Two workers working in a lumber warehouse

If your manufacturing company is facing recurring inventory issues, it's important to consider reviewing the appropriateness of your supplier's MOQ. With BoxHero's History feature, you can quickly assess incoming quantities by the supplier for a specific period, making it useful for reviewing order quantities. This feature allows you to track various inventory-related changes, such as incoming, outgoing, and adjustments. To review the order quantities for a particular supplier, simply click the +Filter button and select the company-the supplier indicated by the blue arrow. By clicking on each incoming item, you can see how much product was ordered at once in the detailed section on the right.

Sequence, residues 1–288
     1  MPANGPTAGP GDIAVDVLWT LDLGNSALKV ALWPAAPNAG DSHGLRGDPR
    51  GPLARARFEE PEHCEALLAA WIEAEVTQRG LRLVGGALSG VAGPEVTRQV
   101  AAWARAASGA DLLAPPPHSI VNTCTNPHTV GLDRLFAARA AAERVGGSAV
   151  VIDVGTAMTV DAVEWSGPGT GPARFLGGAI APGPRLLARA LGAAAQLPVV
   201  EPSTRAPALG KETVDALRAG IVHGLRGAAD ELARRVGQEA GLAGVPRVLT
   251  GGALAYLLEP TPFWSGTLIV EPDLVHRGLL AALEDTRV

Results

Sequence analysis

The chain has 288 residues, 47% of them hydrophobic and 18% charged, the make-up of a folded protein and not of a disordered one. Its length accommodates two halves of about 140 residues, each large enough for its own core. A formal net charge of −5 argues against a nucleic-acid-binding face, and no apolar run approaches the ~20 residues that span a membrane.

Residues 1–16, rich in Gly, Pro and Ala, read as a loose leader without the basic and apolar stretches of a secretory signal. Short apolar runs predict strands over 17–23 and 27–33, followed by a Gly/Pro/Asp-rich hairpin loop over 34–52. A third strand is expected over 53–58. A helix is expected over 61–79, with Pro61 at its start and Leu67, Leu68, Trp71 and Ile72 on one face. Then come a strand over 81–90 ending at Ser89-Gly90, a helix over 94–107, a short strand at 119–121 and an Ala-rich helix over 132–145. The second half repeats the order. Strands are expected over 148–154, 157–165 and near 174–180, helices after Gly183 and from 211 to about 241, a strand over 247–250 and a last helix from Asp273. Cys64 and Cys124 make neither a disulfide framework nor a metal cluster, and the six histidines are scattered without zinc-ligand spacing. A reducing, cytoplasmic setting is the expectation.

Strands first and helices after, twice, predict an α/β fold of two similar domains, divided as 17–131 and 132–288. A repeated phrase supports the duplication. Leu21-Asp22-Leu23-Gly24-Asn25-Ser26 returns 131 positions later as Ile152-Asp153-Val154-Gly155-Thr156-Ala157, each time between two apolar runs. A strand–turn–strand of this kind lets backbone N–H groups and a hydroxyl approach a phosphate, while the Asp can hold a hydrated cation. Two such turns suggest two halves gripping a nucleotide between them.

Screenshot of BoxHero's History with "Account" Filter on

To get a more detailed comparison of order quantities, you can check the Sales Analysis section under the Purchase & Sales menu and compare the quantities by the supplier. Here, you can easily see the sales volume, revenue, order quantity, and purchase amount for a specific period. By selecting the View by Account checkbox at the top right, you can identify the products from which suppliers remain in the warehouse as inventory. With this information, you can negotiate reasonable prices and appropriate production quantities with the supplier and determine the MOQ that fits your business.

Screenshot of BoxHero's "Sales Anlaysis" menu with "View by Account" checkbox checked